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  • Among these the chief were the new elector of Saxony, John (who, unlike his brother, Frederick the Wise, had openly espoused the new doctrines), and the energetic Philip, landgrave of Hesse.

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  • After a short apostasy, during which he supported Henry Raspe, landgrave of Thuringia, Conrad returned to the side of the Hohenstaufen and aided Conrad IV.

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  • The landgrave of Hesse brought the two Reformers together in vain at Marburg in October 1529, and the whole Protestant movement broke into two camps, with the result that the attempt made at Schmalkalden in 1530 to form a comprehensive league of defence against all foes of the Reformation was frustrated.

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  • In it stands a marble statue of the landgrave Frederick II.

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  • Among other public places and buildings worthy of notice are the Roman Catholic church, with a splendid interior; the Kiinigs-platz, with a remarkable echo; the Karls-platz, with the statue of the landgrave Charles; and the Martins-platz, with a large church - St Martin's - with twin towers, containing the burial-vaults of the Hessian princes.

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  • The park was first formed by the landgrave Frederick II., the husband of Mary, daughter of George II.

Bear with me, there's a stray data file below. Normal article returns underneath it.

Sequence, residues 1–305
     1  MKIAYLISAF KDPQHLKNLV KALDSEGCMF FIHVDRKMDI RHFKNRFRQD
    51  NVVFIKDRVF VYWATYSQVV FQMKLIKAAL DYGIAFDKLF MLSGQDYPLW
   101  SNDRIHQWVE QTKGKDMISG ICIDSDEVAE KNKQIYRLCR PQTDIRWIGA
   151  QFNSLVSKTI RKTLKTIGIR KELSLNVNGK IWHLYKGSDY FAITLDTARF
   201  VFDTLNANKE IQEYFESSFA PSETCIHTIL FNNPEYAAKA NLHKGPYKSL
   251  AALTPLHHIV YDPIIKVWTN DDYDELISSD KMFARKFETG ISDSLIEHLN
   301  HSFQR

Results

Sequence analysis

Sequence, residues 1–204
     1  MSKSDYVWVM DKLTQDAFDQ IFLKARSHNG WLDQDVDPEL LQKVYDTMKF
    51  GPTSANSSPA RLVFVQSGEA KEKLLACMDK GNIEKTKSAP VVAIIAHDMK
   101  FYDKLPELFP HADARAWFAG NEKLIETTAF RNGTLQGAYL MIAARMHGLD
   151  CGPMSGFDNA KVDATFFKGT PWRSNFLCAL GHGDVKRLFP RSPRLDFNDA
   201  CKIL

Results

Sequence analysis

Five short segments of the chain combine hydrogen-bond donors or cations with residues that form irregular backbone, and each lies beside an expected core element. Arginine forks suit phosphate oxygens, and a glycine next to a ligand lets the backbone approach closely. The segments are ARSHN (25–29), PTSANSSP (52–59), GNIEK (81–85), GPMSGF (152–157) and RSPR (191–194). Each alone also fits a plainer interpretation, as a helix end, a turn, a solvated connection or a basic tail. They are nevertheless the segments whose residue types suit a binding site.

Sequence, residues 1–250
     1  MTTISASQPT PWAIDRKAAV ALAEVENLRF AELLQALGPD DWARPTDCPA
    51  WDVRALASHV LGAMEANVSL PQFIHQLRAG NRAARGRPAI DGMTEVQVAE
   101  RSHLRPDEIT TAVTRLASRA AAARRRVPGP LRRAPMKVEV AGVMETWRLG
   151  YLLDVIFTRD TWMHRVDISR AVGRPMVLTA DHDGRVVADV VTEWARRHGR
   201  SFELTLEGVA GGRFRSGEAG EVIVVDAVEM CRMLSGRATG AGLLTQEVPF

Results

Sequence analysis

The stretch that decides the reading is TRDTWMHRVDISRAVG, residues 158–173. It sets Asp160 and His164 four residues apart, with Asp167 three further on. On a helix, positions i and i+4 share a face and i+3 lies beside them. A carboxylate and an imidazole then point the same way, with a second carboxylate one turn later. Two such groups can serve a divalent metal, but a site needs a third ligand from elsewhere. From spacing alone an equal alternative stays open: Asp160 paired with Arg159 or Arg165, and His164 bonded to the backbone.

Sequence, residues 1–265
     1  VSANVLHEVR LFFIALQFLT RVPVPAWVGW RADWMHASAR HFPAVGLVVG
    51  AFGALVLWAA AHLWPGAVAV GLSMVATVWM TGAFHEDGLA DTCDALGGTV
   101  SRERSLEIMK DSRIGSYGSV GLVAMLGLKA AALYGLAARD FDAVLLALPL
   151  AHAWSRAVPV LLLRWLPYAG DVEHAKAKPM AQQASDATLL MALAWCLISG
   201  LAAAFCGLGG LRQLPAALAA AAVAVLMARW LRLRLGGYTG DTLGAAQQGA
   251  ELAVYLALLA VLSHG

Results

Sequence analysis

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  • of England, and was finished by his successor the landgrave William, after whom it was named.

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  • The fortifications of the town were restored by the landgrave Philip the Magnanimous and his son William IV.

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  • during the 16th century, and it was greatly improved by the landgrave Charles (1 6 541 73 o), who welcomed many Huguenots who founded the upper new town.

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  • In 1762 Cassel was captured by the Germans from the French; after this the fortifications were dismantled and New Cassel was laid out by the landgrave Frederick II.

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  • He died in 1525 while the Peasants' War was desolating his land, and was succeeded by his brother John, who was an enthusiastic supporter of the reformed faith and who shared with Philip, landgrave of Hesse, the leadership of the league of Schmalkalden.